Entrepreneurs sometimes see opportunity in places that are far from the hustle and bustle of city life: When spending time in San Francisco, Outdoorsy Co-founder and CEO Jeff Cavins spotted an unmet need for accommodations other than hotels or home shares in scenic destinations. And while he noticed that people loved camper vans and recreational vehicles (RV), there weren’t many places to rent them. At the time, Craigslist was the only real market for rentals.
Following a cross-country tour to see if other people saw that same need, Cavins encountered visitors from around the world who were exploring destinations like the Grand Canyon or the arches in Zion National Park. He came to realize that “there is a global multi-cultural phenomenon related to investing time in the outdoors,” Cavins told PYMNTS in an interview. People seeking to go into nature will often rent cars and stay in hotels, but those he met on his tour wanted something different: They wanted to experience the open roads of North America in RVs.
On the other side of the market, Cavins noted that there are more than 18 million registered RVs. Although these vehicles sit idle in garages, driveways, backyards and storage facilities 97 percent of the time, the owners find it challenging to rent them out because of business exclusion clauses that prohibit rentals. To solve that problem, Outdoorsy worked with an underwriter to essentially modify a long-haul trucking policy embedded in its software.
The Booking Experience
Cavins described the company’s booking experience as similar to the home sharing platform Airbnb: To find vehicles on the platform, users can type in their location and select their reservation dates. The site then loads a hybrid page that has listing details on the left and a map on the right. Once travelers find the listings they want to book, they are presented with pages that request information such as their drivers’ licenses and dates of birth. The company then pulls a report, and machine learning evaluates the potential renter’s record.
When it comes to reservations, Cavins said the company has many vehicles on the site that travelers can instantly book. Travelers can book roughly 33 percent of the company’s inventory instantly, but some owners require travelers to message them instead. The company encourages owners to activate instant booking for their listings. “It kind of ‘hotelifies’ our platform a bit,” Cavins said, adding that it also attracts more business.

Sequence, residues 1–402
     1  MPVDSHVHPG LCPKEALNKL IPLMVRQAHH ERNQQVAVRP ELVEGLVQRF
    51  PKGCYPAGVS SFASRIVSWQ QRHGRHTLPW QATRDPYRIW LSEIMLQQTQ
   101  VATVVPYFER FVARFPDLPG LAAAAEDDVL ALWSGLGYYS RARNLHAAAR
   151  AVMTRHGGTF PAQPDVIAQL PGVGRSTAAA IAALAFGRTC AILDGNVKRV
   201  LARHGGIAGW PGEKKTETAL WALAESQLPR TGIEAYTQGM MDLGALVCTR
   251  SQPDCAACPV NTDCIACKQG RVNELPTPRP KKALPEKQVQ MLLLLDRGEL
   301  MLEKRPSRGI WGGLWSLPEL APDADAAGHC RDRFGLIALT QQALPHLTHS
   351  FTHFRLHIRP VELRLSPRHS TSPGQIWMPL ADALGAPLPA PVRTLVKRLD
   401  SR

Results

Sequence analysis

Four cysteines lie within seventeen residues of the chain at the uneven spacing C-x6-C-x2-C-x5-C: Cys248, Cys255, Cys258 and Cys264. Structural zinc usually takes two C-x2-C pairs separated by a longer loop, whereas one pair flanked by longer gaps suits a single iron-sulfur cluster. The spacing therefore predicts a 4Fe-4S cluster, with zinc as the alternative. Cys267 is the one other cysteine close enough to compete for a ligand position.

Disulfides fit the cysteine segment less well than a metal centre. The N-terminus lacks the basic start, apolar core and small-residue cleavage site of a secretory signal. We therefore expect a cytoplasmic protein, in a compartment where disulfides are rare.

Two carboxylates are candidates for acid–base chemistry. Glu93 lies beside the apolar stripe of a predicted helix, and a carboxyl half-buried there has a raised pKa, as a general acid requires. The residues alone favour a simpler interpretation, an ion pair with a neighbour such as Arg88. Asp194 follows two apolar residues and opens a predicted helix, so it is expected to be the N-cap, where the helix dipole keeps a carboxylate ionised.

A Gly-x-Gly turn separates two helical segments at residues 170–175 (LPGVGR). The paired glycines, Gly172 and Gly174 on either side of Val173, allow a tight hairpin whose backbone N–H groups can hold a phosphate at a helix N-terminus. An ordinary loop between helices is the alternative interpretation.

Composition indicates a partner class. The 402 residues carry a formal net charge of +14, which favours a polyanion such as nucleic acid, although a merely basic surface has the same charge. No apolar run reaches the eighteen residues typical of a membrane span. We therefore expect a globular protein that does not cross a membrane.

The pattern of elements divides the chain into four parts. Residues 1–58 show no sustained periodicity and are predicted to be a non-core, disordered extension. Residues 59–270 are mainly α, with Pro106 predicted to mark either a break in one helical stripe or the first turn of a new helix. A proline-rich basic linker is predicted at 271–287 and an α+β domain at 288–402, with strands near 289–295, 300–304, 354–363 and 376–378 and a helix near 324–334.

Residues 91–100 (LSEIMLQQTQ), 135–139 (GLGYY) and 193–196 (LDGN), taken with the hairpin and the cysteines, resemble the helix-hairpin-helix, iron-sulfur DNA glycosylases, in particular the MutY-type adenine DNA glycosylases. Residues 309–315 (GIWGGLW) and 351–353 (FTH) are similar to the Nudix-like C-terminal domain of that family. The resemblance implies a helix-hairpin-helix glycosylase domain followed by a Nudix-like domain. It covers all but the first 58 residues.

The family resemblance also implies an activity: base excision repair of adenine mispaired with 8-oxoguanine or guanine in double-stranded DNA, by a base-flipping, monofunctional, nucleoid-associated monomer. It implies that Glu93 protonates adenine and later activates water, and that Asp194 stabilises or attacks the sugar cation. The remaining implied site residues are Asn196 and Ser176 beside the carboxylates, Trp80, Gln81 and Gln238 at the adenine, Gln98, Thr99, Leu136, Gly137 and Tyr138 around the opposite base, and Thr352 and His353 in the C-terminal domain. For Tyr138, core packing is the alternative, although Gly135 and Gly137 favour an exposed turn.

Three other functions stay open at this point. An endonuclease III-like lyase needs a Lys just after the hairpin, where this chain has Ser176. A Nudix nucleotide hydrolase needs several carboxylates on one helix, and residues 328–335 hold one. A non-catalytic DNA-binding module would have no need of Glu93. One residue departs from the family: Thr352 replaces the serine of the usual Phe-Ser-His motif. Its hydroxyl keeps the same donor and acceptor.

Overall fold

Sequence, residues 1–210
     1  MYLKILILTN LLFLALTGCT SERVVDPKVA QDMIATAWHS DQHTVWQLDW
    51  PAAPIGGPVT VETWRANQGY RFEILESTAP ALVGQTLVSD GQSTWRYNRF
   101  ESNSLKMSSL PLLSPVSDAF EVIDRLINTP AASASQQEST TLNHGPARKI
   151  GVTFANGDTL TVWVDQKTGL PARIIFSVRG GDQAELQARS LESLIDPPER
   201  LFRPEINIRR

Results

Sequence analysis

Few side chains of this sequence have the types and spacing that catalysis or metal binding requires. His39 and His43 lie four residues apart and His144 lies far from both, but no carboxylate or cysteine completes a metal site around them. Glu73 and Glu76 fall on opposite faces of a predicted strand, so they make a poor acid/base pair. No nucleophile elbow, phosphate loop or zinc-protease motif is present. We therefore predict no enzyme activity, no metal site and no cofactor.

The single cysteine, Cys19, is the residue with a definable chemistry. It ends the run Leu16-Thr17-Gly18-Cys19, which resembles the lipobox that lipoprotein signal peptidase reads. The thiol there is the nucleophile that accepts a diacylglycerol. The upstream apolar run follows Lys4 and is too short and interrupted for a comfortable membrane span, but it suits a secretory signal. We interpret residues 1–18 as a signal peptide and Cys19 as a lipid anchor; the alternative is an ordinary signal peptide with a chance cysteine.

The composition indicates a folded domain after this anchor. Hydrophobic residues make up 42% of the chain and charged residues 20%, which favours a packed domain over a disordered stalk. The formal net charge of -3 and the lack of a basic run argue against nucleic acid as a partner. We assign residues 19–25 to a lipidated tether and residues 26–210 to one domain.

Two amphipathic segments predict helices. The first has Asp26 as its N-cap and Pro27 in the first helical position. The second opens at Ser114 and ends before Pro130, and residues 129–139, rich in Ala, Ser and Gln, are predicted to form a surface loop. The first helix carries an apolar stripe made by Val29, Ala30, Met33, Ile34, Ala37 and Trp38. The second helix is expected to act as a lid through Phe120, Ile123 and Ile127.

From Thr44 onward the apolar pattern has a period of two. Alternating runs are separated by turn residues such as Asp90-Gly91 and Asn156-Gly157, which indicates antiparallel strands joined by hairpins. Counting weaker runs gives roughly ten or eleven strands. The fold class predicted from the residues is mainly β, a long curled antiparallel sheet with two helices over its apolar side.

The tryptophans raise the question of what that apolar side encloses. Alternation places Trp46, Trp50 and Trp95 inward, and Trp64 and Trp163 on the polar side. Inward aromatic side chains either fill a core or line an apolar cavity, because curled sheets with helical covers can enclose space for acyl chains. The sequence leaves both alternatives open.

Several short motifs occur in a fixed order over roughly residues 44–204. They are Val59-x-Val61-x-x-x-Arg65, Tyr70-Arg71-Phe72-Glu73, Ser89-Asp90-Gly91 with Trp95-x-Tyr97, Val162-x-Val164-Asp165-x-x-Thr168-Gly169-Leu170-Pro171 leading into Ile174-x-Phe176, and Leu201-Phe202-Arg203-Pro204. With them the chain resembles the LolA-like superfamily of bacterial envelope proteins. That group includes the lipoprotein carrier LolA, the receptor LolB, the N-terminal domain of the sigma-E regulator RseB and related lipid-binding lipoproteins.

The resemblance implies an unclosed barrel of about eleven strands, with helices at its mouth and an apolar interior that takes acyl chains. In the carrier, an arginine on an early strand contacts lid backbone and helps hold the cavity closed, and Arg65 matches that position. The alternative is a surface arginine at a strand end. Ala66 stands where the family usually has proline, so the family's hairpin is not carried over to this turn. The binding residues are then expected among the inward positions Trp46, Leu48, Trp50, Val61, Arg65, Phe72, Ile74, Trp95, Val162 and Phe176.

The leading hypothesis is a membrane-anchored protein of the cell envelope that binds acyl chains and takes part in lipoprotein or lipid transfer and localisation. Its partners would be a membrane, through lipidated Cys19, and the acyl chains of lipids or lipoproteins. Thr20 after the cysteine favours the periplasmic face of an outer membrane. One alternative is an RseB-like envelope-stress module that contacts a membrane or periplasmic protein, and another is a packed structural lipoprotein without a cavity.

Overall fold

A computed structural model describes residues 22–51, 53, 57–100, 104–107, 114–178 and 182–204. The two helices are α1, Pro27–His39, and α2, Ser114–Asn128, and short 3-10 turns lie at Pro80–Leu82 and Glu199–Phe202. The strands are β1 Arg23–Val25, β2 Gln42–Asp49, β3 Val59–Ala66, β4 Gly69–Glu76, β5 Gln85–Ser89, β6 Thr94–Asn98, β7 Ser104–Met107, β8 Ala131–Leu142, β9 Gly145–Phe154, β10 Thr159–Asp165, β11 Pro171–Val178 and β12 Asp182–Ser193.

Cavins also noted that people start to view his platform as a third dimension to the hotel industry – an entirely new lodging category – and also as an alternative to hotels and home shares. In fact, he pointed out that the average RV is only driven about 150 miles from the point where consumers exchange the keys. If a consumer lives in the Northeast U.S. and wants to make a trip to Key West, for example, Cavins said she is probably not going to drive the vehicle all the way to her final destination.
In such a case, the traveler might land in Miami and take a taxi to the RV owner, who will show the borrower how to use systems like the generator. “We require every owner to do a walk-through of the vehicle,” Cavins said. At that point, the borrower signs off via a digital form that they have done the walkthrough and know how to operate the vehicle. The owner then gives the borrower the keys and they are ready to go on vacation.
Cavins believes that the sharing economy will be at the forefront of how consumers experience assets. Millennials, for instance, aren’t interested in buying homes or cars. “They want everything on demand,” Cavins said. At some point, he noted, millennials will start having kids and buying homes and cars, but at this time in their lives, they like the sharing economy. And with services like Outdoorsy, it’s easy for younger consumers to borrow an RV for their next adventure into nature.